Another strategy involved experiments with editing, in order to escape the dominance of narration, which was often verbose. Ḥajīr Dārīūš’s Gowd-e moqaddas (The sacred pit, 1343 Š./1964) and Ṭayyāb’s Rītm (Rhythm, 1350 Š./1971) are examples. There were also formal experiments of an impressionist nature, including Kayūmarṯ Derambaḵš’s Sārbānān (The camel drivers, 1353 Š./1974) and Bāzār mīgeryad (The bāzār weeps, 1355 Š./1976), made by two students, ʿAbbās Bāqerīān and Reżā Ḡarawī.

Šīrdel’s Ūn šab ke bārūn ūmad (The night it rained, 1346 Š./1967) used irony and parody to call into question the notions of “documentation” and “reality,” offering multiple and often conflicting views of the heroic action of a boy who stops a train before its derailment. This film is one of the few Persian documentaries that “deconstructs” itself by placing the film-making process in the fore­ground. Such avant-garde films were few, however, and, like the social documentaries, they suffered from censorship and delayed exhibition. For example, Ūn šab ke bārūn ūmad was first shown eight years after its completion and then only at a film festival.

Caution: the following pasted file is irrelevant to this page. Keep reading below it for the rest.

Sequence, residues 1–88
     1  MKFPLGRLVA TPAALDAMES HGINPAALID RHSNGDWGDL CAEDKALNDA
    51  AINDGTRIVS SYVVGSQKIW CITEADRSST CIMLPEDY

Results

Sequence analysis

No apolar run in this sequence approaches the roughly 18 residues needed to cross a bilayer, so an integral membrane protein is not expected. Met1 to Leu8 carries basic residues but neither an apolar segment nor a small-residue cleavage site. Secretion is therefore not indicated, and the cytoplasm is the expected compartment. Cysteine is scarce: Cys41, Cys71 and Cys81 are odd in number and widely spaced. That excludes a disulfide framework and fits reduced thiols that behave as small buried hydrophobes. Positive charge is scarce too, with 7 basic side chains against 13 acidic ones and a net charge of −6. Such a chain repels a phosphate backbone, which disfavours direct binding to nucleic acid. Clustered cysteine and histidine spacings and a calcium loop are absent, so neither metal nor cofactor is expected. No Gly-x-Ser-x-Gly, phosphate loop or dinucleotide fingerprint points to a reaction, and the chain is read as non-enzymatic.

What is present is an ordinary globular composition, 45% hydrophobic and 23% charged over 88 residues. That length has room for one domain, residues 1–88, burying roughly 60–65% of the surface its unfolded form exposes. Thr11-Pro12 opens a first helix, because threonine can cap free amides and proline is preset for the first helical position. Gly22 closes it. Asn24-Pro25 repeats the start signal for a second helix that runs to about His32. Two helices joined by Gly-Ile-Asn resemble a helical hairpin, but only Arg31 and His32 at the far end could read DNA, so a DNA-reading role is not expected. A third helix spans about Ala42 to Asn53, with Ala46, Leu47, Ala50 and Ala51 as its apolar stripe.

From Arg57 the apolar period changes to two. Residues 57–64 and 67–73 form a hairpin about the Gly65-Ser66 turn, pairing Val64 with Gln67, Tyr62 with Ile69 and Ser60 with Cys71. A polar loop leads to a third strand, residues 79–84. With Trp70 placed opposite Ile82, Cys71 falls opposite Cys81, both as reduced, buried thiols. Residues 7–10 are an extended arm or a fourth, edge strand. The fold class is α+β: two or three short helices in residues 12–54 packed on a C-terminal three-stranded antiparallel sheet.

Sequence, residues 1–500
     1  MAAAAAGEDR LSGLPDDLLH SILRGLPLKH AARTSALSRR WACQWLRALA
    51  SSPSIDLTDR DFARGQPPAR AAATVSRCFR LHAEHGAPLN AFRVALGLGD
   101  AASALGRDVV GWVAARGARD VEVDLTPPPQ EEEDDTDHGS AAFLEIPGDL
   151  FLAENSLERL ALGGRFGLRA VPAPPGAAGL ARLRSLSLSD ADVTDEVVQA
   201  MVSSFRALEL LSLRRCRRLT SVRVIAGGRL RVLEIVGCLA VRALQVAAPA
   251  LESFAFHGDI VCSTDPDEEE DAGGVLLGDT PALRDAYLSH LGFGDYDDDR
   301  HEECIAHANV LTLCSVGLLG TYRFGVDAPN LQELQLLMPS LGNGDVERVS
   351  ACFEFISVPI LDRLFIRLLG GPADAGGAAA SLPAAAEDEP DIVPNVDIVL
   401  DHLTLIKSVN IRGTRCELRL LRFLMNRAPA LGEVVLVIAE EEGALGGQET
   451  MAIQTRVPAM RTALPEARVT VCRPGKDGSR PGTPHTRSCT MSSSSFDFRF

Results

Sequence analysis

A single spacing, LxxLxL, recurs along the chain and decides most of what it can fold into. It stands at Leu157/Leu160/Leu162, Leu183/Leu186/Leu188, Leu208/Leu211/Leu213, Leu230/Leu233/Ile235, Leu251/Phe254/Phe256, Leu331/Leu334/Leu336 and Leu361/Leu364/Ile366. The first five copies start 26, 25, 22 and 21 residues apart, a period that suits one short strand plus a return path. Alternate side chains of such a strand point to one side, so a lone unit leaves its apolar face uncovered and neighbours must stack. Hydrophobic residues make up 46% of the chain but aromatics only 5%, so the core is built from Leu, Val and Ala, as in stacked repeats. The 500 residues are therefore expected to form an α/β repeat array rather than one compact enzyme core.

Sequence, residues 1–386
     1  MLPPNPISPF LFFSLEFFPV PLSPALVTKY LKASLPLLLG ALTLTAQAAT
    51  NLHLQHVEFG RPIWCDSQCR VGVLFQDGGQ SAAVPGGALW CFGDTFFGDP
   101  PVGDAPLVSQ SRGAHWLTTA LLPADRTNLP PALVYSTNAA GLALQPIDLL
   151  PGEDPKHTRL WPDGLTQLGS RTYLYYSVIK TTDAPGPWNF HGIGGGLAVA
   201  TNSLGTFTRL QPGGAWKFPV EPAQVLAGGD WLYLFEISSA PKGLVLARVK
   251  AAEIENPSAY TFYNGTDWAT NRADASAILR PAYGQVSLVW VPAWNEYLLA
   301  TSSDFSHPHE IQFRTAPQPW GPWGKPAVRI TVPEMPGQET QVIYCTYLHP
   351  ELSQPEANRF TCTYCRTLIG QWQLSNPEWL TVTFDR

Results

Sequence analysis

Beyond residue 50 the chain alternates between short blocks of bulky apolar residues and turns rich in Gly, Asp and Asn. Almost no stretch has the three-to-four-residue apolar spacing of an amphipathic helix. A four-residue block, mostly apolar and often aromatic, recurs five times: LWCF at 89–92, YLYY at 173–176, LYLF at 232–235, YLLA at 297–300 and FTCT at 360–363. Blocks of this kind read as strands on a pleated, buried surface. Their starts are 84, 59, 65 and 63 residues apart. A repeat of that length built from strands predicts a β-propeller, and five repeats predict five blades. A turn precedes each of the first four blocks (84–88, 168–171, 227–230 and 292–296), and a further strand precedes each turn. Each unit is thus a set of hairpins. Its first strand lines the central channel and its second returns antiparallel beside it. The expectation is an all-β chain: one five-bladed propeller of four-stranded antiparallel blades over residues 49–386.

The institutionalization of the official documentary functioned as a double-edged sword. On one hand, it meant steady financial support, which was otherwise unavailable in Persia. On the other, it meant that, even though sometimes nontraditional and unofficial films escaped preproduction censorship, they might not be exhibited. They would be dispatched directly to the archive shelf to languish indefinitely. This situation was possible because MCA and NIRT, which sponsored the majority of Persian documentaries, were also in charge of the commercial exhibition and broadcast of these films.